Heritage Radio is committed to archiving, protecting, and advancing our country’s rich food culture through programs that give voice to America’s leading food professionals, farmers, policy experts, artists, and tastemakers.
Heritage Radio reporter Cathy Erway recently called to ask me several food financing questions for a live radio interview for the Eat Your Words show.
Listen to the half-hour show now to learn about the three different types of crowdfunding, my advice for combatting “crowdfunding fatigue,” the importance of a sound business plan, and more.
The first official review of Raising Dough: the Complete Guide to Financing a Socially Responsible Food Business is in! Here’s what ForeWord Reviews has to say:
This guide is an invaluable aid for those who produce healthy foods and need a practical and socially responsible business model… The fact-filled, exceptionally well-organized book teaches food idealists how to crunch the numbers and market their product—from conceptual steps to the success that is the dream of every small business person.
The author makes clear that several strategies are needed in order to “raise dough.” First, she asks readers to consider their values and how important are considerations such as place, control, scale, pace, and financial success. She asks whether readers want to be tied to a location, constantly at the helm, or whether they want the business to grow larger, faster, or at a reasonable pace. Are they willing to take financial risks to achieve financial goals?
Is lack of access to capital really a problem for food businesses that are solving social and environmental problems? There are more types of capital than ever before to support food businesses… but many don’t know they exist, they can be challenging to access and even more, it’s hard to tell which type will be the best for each business.
In the most recent of the National Good Food Network series of webinars (watch below), I lay out a framework for thinking about appropriate financing sources for enterprises, sensitive to their unique values, priorities, and where they are in the business lifecycle. This presentation was designed primarily for organizations that work with socially responsible food businesses, such as people who work for nonprofits, government offices, economic development companies, consulting firms, lenders, foundations, family offices. Of course the same principles apply to fundraising entrepreneurs themselves, who will find lots of tools to work with in their quest to raise money.
I was happy to share the “stage” with Gray Harris of Coastal Enterprises Inc. (CEI), a community development finance institution (CDFI) in Maine. She gives some detailed, illustrative examples of this organization’s investments, and investment strategies in regional food systems. We both come to the same conclusion: capital itself is not enough, and there needs to be a significant technical assistance component to ensure the success of good food ventures.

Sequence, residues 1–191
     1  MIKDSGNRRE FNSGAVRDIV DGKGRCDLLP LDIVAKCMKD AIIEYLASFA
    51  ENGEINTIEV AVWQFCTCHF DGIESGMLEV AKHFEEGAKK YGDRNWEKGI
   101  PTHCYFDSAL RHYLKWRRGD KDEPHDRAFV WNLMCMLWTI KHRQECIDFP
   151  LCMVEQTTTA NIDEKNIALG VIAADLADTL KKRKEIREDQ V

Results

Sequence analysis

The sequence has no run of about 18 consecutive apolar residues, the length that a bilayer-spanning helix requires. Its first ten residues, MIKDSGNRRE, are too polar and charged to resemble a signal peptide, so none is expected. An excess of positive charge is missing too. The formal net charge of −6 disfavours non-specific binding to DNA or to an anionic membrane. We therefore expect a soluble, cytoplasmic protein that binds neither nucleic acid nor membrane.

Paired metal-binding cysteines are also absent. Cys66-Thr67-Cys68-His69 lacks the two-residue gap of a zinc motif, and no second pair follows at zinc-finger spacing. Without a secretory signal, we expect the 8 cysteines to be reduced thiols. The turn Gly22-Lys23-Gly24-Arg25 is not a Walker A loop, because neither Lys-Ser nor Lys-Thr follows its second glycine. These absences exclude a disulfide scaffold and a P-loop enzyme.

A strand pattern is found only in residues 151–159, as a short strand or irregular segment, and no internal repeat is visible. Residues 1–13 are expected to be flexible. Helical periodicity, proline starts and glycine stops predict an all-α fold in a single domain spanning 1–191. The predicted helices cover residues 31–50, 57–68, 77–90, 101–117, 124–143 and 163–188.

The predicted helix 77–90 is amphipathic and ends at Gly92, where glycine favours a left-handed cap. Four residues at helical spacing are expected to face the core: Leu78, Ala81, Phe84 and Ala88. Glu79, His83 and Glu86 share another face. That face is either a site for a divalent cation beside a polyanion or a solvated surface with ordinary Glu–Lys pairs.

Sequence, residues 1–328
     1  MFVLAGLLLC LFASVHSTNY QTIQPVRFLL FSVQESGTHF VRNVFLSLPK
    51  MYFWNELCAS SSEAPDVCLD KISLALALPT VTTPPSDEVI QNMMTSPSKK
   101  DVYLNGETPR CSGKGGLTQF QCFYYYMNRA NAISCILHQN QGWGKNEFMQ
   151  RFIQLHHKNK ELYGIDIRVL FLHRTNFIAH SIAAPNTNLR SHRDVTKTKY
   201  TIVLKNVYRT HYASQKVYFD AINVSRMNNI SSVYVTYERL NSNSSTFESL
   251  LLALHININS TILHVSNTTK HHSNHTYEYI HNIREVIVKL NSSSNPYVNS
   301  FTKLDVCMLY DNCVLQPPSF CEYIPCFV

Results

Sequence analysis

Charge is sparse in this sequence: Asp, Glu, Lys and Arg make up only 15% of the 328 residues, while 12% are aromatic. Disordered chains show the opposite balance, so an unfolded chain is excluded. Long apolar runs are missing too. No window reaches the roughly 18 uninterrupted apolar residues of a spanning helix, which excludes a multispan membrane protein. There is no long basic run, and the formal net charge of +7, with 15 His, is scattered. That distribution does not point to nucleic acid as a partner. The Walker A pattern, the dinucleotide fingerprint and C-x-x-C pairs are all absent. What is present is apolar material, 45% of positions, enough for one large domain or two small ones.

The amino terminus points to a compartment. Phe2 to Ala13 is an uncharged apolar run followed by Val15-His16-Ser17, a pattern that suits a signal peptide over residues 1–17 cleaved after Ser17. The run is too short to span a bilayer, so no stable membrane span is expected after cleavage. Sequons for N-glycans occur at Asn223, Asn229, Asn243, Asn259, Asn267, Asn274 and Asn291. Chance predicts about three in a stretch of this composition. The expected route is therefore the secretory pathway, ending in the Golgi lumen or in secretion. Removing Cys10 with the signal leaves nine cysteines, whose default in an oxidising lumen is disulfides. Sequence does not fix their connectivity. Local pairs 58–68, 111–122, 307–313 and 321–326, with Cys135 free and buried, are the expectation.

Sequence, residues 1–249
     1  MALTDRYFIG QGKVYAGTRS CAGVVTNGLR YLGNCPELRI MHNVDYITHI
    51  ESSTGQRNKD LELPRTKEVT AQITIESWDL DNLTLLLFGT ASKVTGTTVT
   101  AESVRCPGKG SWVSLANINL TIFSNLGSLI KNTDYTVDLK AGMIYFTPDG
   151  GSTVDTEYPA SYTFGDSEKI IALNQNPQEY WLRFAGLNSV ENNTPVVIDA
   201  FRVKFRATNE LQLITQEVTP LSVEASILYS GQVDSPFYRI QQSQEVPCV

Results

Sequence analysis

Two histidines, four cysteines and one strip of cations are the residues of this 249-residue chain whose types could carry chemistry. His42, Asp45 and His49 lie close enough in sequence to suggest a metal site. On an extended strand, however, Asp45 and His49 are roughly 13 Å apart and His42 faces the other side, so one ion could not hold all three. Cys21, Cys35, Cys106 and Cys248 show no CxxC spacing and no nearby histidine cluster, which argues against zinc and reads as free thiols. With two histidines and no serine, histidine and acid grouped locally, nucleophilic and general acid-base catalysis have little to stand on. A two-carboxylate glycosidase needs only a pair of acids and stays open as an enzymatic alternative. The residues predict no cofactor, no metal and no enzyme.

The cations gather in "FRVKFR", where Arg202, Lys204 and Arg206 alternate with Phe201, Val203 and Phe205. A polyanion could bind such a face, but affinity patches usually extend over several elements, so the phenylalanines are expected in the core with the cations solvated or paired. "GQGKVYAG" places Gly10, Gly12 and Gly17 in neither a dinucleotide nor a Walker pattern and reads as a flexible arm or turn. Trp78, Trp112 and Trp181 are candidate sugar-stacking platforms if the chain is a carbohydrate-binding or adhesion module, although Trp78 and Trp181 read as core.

Finance for Food designs capital and fundraising workshops for food entrepreneurs and those who provide them technical assistance. Please be in touch if your organization would be interested in hosting a workshop, or if you would like to request a workshop in your area.
Can’t find it at your favorite local bookstore? You can ask them to order it for you. Alternately, if you order online using these links for IndieBound (which supports independent booksellers) or Amazon, Finance for Food will receive a portion of your purchase. We still hope you’ll support your local economy by buying local!
If you prefer your books in electronic format, your options include the following:
- Kobo (Kobo purchases can support your local, independent bookstore; learn how here,
- Kindle (Finance for Food receives a portion of your Amazon purchases if you use this link),
- Nook, and Google Play.
If you’re interested in bulk orders or examination copies for educational use, please click here for more information about getting a hold of Raising Dough.
I hope that you find the book useful — that is why I wrote it, after all. And please don’t hesitate to contact me with your comments or corrections once you’ve read it. If you have suggestions for future issues (or for when I’m doing interviews with reporters), please submit your story using this form.
The flow of money into food businesses is closely related to the flow of money into, within, and out of the entire communities that those businesses call home. It’s in fundraising entrepreneurs’ best interests to understand these connections, as more money flowing within a community means more local dollars available for investment into local businesses!
Last Friday, Civil Eats published an article I wrote encouraging local food activists to see their work in the context of a wider local economy movement. Chock full of links to pioneering organizations and resources highlighting the hows and whys of supporting local economies, the article also stresses the importance of supporting independent, local retailers selling any types of products, from food to books.
You can read the full article here.